Venus of Tolentino
Venus of Tolentino

Venus of Tolentino—scansione da Tuttitalia, enciclopedia dell'Italia antica e moderna (volume Marche) Sansoni-De Agostini, 1963 [1]

  • Current location: Museo Archeologico Nazionale delle Marche, Ancona
  • Inventory Number 8803
  • Support: An elongated sub-triangular stone, with a cross-section that tends towards planoconvex, smooth but with some natural depressions.
  • Raw material: chert
  • Length 127 mm, width 41 mm, thickness 21 mm
  • Weight: 150 g
  • Conservation: There are no modern changes
  • State of the surfaces: very glossy. Presence of deposits of calcium carbonate (pseudomycelia) and holes from lichens (perithecia).
  • Colour (Munsell): 10 YR 5/6. 10 YR 4/3
  • Front side The piece is engraved with a female figure, in a frontal position, with the head of herbivore in profile, turned towards In the left and upward. The muzzle is elongated, with rounded ends and slightly convex.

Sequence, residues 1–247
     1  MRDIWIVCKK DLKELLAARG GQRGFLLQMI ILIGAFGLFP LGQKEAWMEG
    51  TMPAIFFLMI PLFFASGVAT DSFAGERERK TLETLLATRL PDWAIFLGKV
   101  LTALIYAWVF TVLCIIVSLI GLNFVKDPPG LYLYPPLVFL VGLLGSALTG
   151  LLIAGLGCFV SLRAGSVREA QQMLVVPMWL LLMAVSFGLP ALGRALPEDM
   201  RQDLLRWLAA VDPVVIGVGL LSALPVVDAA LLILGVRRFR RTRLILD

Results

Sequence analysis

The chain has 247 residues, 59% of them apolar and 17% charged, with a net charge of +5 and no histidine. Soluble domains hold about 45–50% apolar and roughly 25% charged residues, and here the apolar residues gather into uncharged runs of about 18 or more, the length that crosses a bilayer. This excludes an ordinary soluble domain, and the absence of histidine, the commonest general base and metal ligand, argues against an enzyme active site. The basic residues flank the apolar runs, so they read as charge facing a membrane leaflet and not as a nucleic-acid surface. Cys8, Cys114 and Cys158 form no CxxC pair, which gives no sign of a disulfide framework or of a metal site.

The Venus of Tolentino is a Venus figurine that was displayed with the Venere di Frasassi at the National Archaeological Museum of the Marche from November 27, 2009 to March 30, 2010. The figurine was originally found in 1883 in a clay pit east of the town of Tolentino in the Marche region of Italy. It was donated to the Museum by Count Gentiloni Silverj Aristide.

The piece has been exposed to weathering, probably in the bed of a stream. It was carved from thin chert about 13 cm long, and is dated to be more than 5,000 years old. Both ends are chipped from use, indicating that the stone was probably used as a tool striker, or to crush seeds. The carved drawing depicts the body of a woman with zoomorphic features. It has legs, breasts, and a geometric vulva. The body is surmounted by a herbivorous animal head (possibly a cow, bovid, or equid), with the continuation of an auroch head on the reverse side. The auroch face is squat, without a clear indication of the ears and horns. The eye, the nostril and the mouth are outlined.[1]